VANCOUVER, Washington â€” Bob and Sharon Lewis had long wondered how they could help employees at their Columbia Vista lumber mill become homeowners. Then, a guest speaker from national mortgage financier Fannie Mae explained how an employer-assisted housing finance program could work.
VANCOUVER, Washington — Bob and Sharon Lewis had long wondered how they could help employees at their Columbia Vista lumber mill become homeowners. Then at a breakfast early last year, a guest speaker from national mortgage financier Fannie Mae explained how an employer-assisted housing finance program could work.
Sixteen months later, Columbia Vista introduced employees to its own program. With Fannie Mae's free technical help and additional assistance from Seattle-based HomeStreet Bank, Columbia Vista is offering eligible first-time buyers the opportunity to get interest-free, forgivable loans of up to $5,000 to make a down payment on a home purchase. The bank kicks in discounts on loan fees as part of its statewide Hometown Home Loan Program.
The company funds the program with a $15,000 annual allocation.
"For a lot of people, the biggest hurdle is often the down payment," said Bob Lewis, president of the lumber mill that employs 62 workers at four sites in Vancouver and the Portland area.
"As a company that makes products for home construction, it makes sense to try to make it easier for our own employees to become homeowners," he said.
The program is also good for business, as national trends show. Increasingly, employers are offering grants and loans as a way to keep workers, according to a report in USA Today. As low interest rates and rising demand have propelled home prices higher, employers have found workers often unable to live nearby.
For Bob and Sharon Lewis, the money spent on their first-time buyers program encourages good workers to stay at the company and become vested members in the community. That holds true whether they buy in Clark County or other locations.
Jason Kent, the company's safety and environmental manager, was among the first to apply and win one of three $5,000 allotments.
This past spring, Kent bought a three-bedroom, two-and-a-half bath house for $192,000 in Washougal.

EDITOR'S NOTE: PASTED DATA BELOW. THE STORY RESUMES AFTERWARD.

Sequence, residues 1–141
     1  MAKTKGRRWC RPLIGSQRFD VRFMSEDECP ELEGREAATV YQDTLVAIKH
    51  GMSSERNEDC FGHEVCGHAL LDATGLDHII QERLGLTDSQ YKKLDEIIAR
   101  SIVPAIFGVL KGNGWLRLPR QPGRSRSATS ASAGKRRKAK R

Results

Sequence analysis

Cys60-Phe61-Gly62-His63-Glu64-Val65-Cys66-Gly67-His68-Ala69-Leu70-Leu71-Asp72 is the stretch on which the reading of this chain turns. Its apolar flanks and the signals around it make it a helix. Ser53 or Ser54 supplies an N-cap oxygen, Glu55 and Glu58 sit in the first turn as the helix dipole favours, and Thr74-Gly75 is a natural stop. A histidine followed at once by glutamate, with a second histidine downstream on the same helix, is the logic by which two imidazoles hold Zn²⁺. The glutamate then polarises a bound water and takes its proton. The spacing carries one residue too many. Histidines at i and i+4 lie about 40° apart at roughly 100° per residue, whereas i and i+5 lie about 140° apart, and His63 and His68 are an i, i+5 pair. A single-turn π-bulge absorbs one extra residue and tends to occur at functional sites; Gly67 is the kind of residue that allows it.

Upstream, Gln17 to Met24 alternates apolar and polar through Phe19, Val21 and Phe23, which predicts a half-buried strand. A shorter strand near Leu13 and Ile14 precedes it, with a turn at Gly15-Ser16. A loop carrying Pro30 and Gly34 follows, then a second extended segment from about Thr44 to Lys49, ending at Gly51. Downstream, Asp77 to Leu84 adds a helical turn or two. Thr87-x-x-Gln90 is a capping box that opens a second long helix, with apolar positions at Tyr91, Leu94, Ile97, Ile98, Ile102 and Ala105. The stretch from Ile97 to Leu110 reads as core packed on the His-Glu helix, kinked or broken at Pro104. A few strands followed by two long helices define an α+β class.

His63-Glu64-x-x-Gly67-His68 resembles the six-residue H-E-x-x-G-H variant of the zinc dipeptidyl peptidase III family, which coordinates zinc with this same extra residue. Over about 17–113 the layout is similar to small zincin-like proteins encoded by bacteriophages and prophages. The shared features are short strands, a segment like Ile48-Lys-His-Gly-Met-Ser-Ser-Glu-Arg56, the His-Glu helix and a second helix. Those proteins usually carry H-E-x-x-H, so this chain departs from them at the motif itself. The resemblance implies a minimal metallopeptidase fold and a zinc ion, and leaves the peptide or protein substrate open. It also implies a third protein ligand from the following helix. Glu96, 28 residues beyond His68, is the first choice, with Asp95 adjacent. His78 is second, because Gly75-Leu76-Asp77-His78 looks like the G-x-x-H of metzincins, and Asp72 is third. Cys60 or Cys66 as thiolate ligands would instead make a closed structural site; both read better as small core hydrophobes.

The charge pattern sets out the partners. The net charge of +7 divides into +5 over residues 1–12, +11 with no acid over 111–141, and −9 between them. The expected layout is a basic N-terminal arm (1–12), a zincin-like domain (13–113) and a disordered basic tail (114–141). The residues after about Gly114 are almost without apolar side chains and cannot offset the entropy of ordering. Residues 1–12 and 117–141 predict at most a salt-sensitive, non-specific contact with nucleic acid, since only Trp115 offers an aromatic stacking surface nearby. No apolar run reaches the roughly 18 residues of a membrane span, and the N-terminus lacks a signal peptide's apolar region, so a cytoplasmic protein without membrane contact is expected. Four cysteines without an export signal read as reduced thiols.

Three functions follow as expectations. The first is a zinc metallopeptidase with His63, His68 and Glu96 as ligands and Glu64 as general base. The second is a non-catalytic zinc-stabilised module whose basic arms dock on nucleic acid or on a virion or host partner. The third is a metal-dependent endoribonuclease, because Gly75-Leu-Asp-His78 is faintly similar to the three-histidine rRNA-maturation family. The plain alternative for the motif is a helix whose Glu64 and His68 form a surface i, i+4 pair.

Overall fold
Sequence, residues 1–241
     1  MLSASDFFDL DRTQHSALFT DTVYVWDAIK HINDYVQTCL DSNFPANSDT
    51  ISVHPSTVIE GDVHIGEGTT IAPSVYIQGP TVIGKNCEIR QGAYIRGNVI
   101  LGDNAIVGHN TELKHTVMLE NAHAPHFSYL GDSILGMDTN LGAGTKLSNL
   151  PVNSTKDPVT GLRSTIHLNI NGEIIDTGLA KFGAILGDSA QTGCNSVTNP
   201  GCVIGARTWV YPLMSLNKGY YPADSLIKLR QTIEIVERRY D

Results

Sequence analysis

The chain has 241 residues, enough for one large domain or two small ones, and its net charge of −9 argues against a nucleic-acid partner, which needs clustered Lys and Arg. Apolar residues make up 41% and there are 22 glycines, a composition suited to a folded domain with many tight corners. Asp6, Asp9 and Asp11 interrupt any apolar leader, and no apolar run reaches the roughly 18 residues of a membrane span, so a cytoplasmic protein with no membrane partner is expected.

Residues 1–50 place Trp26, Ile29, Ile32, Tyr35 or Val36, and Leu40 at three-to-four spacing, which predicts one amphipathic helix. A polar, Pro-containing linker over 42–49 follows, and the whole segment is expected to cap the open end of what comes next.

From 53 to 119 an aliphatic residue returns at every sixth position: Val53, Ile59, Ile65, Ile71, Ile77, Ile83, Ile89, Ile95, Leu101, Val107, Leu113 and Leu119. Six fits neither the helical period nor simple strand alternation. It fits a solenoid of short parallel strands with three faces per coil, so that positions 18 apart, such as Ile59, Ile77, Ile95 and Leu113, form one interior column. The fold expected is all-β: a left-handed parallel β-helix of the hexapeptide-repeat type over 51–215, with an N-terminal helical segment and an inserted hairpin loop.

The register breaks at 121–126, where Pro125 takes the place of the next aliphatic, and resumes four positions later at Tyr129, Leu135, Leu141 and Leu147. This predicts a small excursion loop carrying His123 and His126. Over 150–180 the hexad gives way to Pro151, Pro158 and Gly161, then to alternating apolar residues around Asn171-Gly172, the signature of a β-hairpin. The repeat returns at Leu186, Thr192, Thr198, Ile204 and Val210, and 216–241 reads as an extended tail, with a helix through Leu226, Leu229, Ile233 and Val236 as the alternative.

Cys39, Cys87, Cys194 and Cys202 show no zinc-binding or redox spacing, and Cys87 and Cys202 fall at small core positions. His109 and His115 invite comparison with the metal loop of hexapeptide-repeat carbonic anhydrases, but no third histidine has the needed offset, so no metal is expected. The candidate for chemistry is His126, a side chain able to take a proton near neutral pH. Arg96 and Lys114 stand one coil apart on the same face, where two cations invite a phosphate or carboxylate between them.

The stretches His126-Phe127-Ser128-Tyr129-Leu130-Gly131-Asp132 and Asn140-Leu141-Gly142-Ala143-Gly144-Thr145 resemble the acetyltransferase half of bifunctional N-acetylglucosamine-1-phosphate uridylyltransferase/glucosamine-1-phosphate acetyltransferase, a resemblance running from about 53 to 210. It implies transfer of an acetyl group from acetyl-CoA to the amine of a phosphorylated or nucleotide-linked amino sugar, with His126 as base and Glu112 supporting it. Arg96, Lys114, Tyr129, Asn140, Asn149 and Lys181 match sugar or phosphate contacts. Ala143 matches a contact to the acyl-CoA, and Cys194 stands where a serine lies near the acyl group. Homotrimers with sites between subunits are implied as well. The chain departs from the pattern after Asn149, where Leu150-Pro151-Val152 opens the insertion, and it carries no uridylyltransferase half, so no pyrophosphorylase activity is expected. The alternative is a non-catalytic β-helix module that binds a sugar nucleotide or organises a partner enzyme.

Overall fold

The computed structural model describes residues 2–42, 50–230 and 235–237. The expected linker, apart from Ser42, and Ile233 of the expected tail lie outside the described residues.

"I thought it was a great opportunity for the company to invest in me, and a great opportunity for me to buy a house," said Kent, 35.
Before he moved in April, Kent had been renting in Portland. He's now paying about $200 more a month on a mortgage loan, but he's living locally, reducing his commute.
Another employee, Brian Johnson, bought a house in North Bonneville after 18 years with the company. Johnson, 36, is a single father.
Columbia Vista works through Seattle-based HomeStreet Bank in offering the program. While Columbia Vista provides its workers monetary assistance, the bank kicks in other benefits: a 50 percent reduction on the loan fee; discounted closing costs for home inspections, appraisals and escrow fees; and home-buying classes.
The bank also offers reduced-fee benefits to workers who already have houses, and want to refinance.
Columbia Vista has deep ties to the community, having begun operations here in 1952. Over the years, it has been identified with forward-thinking practices.
Among them, it has been recognized by the U.S. Environmental Protection Agency as a leading buyer of alternative power, voluntarily paying a higher price for 15 percent of its electricity. The company has also participated in several federal programs and gained special certification for its attainment of high industry standards.
In the new home-buyers program, Columbia Vista employees must have been with the company at least three years. Also, the employee must complete a first-time home-buyers training class. For buyers who stay in their houses for at least five years and stay employed with the company for that period, the loans are written off by the company.
If those conditions aren't met, loans are pro-rated at 20 percent a year. For example, a worker leaving the company after four years would repay $1,000 of the original amount. However, a worker could purchase a different house within the five-year period and apply whatever remained of the original loan to the new residence.
HomeStreet Bank hopes to build other corporate relationship and also has worked with Wendel Family Dental Center.
This is the bank's 10th year in working with employers to provide home-buying benefits. So far, the bank's loan program has been used by more than 5,000 people in Washington, Oregon and Hawaii, with 2,200 of them first-time buyers.
Source: The Columbian, Vancouver, Washington